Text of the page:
Jonathan Salk speaks at the DFC Technology and Innovation Summit in 2015
I would like to start with a disclaimer. These are my personal reflections on the relationship between Jonas Salk and Lou Kahn, but understand that during the time of their collaboration on the building I was 11 or 12 years old. So some of what I say will be from the worm’s-eye view of a pre-adolescent with a busy father. But much of what follows is from thoughts and readings and insights I have had over the course of my life.
It was a struggle to put this talk together. There are so many things to say about both men, their ideas, the way their minds worked, their relationship. As I sat the other night, trying to wrestle it into an orderly progression of ideas, I realized that, in an elemental way, it is completely understandable that I couldn’t. That I couldn’t reflects, in some measure, how Jonas Salk and Lou Kahn thought, spoke and worked. There was a dreamlike and associative quality to both men’s thought processes. In trying to convey my impressions…well, some of it will take some of the same form.
Each lived partly in a poetic, intangible world and partly here on ground, making tangible things. Each was in touch, as Kahn came to say in the early stages of the Institute — with both the measurable and the immeasurable — the scientific and the poetic. Each thought and created at the level of absolutes, of purity, of, as each would often say, the cosmos. Yet individually, and together, they accomplished and made things of lasting value here in the physical realm.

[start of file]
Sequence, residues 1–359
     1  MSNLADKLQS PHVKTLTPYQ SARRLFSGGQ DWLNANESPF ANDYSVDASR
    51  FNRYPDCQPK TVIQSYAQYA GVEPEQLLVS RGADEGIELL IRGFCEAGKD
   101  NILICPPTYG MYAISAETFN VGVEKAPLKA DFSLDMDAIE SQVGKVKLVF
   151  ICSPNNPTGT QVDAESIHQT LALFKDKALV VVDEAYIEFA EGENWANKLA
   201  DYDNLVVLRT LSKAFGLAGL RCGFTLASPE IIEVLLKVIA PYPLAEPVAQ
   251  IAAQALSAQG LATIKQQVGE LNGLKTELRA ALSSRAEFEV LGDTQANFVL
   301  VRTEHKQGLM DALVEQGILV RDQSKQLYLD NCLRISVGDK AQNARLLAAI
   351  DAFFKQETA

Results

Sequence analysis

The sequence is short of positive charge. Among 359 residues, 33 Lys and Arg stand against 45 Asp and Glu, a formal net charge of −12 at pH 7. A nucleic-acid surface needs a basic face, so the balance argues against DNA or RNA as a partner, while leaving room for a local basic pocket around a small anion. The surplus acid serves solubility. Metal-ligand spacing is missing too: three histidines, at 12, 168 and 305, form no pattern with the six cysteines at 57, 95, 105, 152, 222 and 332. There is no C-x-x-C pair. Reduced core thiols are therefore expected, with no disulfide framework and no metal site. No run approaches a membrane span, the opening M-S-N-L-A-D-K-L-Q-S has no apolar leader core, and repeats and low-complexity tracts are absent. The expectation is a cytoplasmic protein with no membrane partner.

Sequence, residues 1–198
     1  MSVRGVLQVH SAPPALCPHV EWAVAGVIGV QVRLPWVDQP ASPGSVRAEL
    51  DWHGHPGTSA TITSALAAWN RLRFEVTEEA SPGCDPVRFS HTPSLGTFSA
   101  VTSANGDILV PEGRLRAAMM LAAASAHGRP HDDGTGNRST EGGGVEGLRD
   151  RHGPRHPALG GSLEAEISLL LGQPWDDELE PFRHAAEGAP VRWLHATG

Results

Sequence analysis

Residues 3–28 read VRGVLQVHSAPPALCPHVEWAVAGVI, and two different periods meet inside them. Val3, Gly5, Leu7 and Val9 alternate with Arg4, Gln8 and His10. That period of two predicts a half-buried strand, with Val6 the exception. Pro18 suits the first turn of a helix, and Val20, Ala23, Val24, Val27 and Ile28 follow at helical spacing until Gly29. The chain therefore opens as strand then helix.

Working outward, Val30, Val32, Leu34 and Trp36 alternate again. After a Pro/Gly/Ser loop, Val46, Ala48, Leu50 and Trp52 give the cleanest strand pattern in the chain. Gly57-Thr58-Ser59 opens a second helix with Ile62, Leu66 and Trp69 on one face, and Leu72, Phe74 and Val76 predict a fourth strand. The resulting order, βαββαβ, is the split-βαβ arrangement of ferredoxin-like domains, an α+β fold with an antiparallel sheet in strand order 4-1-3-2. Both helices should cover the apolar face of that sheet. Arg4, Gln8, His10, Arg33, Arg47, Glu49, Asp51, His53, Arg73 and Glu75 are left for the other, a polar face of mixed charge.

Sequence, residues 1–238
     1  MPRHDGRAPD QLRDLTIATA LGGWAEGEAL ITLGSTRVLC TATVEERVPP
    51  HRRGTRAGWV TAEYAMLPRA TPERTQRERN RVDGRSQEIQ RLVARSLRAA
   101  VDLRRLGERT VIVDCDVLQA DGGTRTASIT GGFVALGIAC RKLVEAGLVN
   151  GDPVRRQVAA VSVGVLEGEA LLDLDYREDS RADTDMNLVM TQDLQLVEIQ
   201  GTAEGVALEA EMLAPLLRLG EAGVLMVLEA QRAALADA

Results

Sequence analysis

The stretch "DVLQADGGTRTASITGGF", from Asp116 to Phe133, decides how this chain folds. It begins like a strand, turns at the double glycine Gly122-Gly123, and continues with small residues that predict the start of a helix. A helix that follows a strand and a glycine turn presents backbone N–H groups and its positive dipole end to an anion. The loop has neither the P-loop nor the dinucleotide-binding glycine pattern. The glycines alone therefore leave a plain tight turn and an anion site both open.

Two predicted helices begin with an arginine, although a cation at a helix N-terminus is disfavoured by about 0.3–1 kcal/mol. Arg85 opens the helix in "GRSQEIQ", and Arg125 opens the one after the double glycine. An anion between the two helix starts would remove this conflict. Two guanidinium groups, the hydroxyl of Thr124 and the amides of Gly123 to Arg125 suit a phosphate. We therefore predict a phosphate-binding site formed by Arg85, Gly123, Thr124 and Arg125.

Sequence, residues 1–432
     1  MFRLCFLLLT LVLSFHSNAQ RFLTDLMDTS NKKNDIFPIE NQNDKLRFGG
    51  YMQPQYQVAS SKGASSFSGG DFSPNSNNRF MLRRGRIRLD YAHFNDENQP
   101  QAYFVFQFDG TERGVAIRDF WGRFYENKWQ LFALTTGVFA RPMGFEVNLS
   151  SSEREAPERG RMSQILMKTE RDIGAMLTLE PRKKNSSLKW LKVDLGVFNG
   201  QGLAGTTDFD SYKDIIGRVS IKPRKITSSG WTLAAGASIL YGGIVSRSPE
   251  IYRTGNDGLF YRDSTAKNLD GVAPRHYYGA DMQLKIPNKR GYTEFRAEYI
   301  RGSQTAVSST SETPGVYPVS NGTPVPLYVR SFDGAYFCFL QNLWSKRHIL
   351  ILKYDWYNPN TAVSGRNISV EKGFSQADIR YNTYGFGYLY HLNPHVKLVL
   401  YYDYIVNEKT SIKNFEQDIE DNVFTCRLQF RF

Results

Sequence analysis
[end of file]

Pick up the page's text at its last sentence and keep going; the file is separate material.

Their relationship began around 1959 when my father went to Lou Kahn to ask him about how one goes about choosing an architect. My father wanted to build, to create, a new and different kind of Institution, and he knew he would need the right kind of building to house it. When they met, they immediately knew that they understood one another. They both knew that science and art and intellect and spirit are all connected. My father wanted to build an institution that reflected, studied and enacted that. Lou Kahn was thrilled to have a client who thought on such terms.
In retrospect, I would say that they both understood something fundamental – that buildings reflect and create and influence the nature of the institution they are built to house. Kahn new that he could influence people’s lives through the design of institutions. My father intuitively knew the same thing. He knew that the building that was going to house the Institute had to reflect his vision of the organization.
My father immediately declared that he had found his architect. Kahn, on the other hand, had found his favorite client.
And he was a great client — challenging, thoughtful, creative and relentless in pursuit of what is right. Kahn called him, “My most trusted critic.” And he was. My father was part of, or aware of, almost every design decision that went into the planning and building of the Institute. And his critique had a significant influence on major elements of the design
I will read the following from Louis I Kahn: In the realm of architecture by David B. Brownlee and David G. De Long: